Being the Weak One

December 12, 2010

Last Sunday night at 11:00 pm, I woke up with a bad stomachache. I’d been having minor stomach pains at night for a few days prior to Sunday, but I wrote them off as some kind of normal, pregnancy-related thing.

Anyway, I got up that night and sat on the living room couch for an hour or so, to see if being upright would help the pain go away. It didn’t, so I woke up John around midnight and told him what was going on.

He phoned the on-call OB, who told us to go to the hospital to have everything checked out “just in case.” Before we left, I threw up.

On the labor and delivery floor, I got hooked up to two monitors: one to measure the baby’s heartbeat, and one to see if I was having contractions. Everything looked normal, and the nurse suggested it was probably just a case of food poisoning. Before she took us down the ER, I vomited again.

As soon as we got into the ER, they slapped a blood pressure cuff on my arm. My blood pressure was 70/35, and all of a sudden, there was a whirlwind of activity around us. People hoisting me onto a gurney, drawing blood, inserting an IV drip into the crook of my elbow. I threw up again, and then again.

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What Not to Do When Someone You Love Is Psychotic

November 29, 2010

There have been a couple of disturbing news reports lately about terrible crimes committed by people in psychotic states, including the actor Michael Brea’s savage murder of his mother and a Seattle killing that took place in front of school children.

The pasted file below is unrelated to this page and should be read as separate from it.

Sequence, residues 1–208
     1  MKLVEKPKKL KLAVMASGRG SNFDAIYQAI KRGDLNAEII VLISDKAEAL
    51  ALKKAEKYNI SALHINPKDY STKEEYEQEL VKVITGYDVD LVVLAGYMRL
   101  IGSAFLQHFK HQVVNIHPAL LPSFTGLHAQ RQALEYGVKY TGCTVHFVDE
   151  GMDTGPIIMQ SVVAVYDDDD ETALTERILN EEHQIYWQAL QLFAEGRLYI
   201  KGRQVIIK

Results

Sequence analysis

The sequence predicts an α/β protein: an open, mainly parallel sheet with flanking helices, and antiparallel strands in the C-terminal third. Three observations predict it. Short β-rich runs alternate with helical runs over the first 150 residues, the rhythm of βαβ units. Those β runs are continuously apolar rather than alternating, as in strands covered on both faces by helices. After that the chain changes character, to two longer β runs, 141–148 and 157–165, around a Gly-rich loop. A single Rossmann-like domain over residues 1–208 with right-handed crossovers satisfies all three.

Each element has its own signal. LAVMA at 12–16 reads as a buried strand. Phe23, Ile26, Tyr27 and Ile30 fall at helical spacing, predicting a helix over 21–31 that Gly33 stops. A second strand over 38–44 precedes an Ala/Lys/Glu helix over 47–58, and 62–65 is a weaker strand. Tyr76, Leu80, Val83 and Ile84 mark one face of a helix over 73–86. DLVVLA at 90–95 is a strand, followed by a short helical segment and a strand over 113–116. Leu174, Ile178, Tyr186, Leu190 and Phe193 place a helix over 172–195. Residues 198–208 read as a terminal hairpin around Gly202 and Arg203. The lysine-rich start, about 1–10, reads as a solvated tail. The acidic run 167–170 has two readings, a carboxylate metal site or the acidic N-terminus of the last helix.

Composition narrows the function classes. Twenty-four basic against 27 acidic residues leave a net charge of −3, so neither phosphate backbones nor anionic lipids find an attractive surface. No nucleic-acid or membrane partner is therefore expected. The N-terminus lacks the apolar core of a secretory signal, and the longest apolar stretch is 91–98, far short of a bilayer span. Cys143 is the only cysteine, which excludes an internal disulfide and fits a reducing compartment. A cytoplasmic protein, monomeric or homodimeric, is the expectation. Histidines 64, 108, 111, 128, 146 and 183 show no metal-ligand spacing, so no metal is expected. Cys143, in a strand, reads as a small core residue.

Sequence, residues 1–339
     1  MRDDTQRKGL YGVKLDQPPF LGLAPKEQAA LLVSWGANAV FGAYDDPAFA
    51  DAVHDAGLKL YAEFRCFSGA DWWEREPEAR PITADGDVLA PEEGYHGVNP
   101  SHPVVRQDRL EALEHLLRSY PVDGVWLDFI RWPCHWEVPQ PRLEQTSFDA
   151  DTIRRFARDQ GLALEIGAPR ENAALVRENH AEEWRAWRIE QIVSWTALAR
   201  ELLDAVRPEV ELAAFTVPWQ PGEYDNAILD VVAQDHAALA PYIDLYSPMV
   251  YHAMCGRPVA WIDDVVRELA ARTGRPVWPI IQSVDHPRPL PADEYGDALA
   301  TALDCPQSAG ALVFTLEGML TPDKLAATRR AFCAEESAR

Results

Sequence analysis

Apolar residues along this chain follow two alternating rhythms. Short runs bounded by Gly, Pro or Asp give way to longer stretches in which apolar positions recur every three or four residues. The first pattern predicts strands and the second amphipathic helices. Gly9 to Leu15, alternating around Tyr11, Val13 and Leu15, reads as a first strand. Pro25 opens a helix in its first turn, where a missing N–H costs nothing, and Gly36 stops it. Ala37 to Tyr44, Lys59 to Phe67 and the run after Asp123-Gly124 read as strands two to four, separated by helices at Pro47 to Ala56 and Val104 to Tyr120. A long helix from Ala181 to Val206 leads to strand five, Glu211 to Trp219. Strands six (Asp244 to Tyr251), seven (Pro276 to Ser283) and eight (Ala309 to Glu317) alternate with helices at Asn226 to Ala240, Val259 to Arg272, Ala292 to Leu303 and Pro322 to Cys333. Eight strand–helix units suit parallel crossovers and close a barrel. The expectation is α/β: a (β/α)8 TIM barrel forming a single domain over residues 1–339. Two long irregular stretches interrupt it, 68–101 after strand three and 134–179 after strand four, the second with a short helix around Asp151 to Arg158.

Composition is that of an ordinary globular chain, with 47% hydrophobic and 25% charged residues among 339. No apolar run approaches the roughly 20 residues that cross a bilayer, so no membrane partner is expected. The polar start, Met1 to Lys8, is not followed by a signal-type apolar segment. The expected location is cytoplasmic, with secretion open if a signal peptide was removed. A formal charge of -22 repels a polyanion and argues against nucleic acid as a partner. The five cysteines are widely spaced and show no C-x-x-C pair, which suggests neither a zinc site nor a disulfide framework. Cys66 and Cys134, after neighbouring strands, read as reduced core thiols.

Although it’s been proven that people with mental illness are more likely to be victims of violence than perpetrators of it, these reports underscore the fact that untreated psychosis can lead to tragedy.

It’s imperative, then, that you do everything you can to get your loved one the help he or she needs.

When John became psychotic due to a manic episode that escalated into psychosis, I learned a few hard lessons about what not to do when you’re trying to help a loved one beat this frightening illness.

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Tetris Soothes Psychological Trauma

November 14, 2010

Every year at my dad’s office Christmas party, my sister and I would beg his secretary to let us play Tetris on her computer. We could play it on a Game Boy anytime we wanted, but that was in black and white. On her computer: glorious color.

After about the age of 13, I didn’t play Tetris for many years. In high school, Sim City was my video game of choice. In college, I discovered computerized Solitaire. A few years ago, I became obsessed with digital Scrabble.

A couple of months before John’s breakdown, I rediscovered Tetris. As I’ve mentioned in previous posts, he was working a lot, and even when he was home on the weekend, he was often obsessed with work. I needed to find things to do to occupy my time. A Web search for “free Tetris” bore fruit, so I played the occasional game here and there.